Abundant research confirms a high prevalence of substance use and mental disorders in correctional samples. It is unclear, however, how these contribute to the risk of repeat offending. The present study examined offence trajectories among a Canadian Provincial population (N= 31,014), and observed that offenders with non-substance related mental disorders were at no greater risk of recidivism than those with no diagnosis. However, odds of recidivism were significantly higher among those with substance use and/or co-occurring disorders. These findings add strength to the emerging conclusion that non-substance related mental disorders are, as a group, less likely to predict recidivism than substance use disorders. Notably, nearly 50% of the offender population had a physician-diagnosed substance use disorder in the five years prior to their index offence. Results are discussed in relation to necessity for evidence-based partnerships between health and corrections sectors that are responsive to both public health and safety.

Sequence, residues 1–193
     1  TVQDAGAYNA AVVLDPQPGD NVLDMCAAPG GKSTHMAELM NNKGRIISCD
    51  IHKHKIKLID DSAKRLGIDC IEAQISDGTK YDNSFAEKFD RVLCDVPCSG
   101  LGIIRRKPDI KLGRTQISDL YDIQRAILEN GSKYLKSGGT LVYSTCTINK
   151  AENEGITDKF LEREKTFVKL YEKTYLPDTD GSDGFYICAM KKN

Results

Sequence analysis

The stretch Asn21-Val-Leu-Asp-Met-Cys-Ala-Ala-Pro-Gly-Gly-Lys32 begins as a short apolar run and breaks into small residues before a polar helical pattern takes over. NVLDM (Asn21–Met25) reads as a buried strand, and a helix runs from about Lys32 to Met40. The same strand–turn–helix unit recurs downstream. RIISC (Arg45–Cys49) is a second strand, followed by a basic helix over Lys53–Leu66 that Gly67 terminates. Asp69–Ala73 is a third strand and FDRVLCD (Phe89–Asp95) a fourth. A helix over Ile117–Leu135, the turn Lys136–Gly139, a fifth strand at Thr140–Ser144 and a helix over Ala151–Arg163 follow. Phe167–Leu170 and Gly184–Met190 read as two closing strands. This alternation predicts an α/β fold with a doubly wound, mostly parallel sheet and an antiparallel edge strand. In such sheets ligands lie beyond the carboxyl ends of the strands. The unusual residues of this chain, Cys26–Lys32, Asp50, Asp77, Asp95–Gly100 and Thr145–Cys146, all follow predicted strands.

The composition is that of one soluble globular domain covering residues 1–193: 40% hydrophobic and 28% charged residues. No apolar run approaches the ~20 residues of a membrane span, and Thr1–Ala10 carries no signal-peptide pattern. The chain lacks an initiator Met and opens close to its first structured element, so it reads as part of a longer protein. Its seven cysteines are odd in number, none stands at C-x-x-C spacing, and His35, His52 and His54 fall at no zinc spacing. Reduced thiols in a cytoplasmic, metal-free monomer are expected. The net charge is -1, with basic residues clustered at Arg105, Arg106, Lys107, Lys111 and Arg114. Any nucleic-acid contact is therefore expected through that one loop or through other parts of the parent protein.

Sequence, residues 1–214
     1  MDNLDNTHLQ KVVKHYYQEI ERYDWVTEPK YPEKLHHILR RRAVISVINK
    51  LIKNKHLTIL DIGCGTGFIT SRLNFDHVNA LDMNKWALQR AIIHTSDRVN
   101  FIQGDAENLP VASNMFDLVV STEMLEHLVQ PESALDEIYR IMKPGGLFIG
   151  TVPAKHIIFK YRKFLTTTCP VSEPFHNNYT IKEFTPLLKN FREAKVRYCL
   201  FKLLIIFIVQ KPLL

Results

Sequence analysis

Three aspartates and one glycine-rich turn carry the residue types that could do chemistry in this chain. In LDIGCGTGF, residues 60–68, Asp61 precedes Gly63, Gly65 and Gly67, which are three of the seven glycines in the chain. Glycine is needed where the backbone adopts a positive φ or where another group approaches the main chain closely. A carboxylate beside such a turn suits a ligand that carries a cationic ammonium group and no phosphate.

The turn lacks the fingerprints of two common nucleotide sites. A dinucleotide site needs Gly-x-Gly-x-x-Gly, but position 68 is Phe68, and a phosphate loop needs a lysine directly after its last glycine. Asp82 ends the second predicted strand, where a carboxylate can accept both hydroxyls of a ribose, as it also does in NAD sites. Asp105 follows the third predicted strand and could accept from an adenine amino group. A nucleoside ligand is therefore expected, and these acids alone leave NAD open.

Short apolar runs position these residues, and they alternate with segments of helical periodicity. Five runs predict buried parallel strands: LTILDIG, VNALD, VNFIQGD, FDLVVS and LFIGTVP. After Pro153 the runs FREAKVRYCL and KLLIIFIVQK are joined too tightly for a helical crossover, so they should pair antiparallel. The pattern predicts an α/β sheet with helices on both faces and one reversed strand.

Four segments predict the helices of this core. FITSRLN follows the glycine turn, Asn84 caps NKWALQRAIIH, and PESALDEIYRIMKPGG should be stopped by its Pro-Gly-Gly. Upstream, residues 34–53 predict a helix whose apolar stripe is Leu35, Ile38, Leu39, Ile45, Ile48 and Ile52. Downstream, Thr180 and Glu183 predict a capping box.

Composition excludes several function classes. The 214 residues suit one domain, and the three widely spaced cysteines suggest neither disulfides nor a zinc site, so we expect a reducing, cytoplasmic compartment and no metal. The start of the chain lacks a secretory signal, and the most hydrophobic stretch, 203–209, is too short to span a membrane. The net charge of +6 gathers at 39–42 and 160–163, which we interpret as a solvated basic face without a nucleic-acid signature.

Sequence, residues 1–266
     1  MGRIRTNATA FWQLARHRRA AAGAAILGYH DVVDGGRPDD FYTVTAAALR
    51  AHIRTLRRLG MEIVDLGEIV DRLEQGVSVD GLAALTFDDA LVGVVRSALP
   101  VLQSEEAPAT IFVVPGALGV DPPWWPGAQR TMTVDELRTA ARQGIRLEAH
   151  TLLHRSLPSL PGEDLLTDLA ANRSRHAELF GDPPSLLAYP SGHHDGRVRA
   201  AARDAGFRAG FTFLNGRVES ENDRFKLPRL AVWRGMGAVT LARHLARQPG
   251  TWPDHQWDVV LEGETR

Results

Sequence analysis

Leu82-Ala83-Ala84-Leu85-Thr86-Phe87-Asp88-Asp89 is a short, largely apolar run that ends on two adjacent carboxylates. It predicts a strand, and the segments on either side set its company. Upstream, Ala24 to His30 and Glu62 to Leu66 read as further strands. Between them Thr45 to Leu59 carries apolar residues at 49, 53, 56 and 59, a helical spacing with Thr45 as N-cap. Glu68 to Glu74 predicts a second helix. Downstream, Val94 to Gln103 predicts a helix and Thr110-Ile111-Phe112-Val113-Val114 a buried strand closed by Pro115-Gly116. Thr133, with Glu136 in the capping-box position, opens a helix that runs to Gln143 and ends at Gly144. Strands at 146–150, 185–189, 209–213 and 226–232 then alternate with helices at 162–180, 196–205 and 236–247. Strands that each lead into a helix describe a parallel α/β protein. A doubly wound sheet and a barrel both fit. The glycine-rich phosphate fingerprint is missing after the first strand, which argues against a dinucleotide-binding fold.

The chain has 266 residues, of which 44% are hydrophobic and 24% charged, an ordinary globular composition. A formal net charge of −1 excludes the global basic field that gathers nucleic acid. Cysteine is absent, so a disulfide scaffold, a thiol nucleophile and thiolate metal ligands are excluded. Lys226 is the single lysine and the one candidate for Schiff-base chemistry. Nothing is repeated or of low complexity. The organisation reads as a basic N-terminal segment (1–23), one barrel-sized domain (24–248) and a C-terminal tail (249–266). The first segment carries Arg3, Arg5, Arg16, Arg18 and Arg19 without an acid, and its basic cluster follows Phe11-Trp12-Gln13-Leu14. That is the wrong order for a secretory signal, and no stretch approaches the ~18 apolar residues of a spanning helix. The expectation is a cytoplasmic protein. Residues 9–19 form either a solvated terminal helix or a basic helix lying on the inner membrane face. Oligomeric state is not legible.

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Thesis advisor: Somers, Julian
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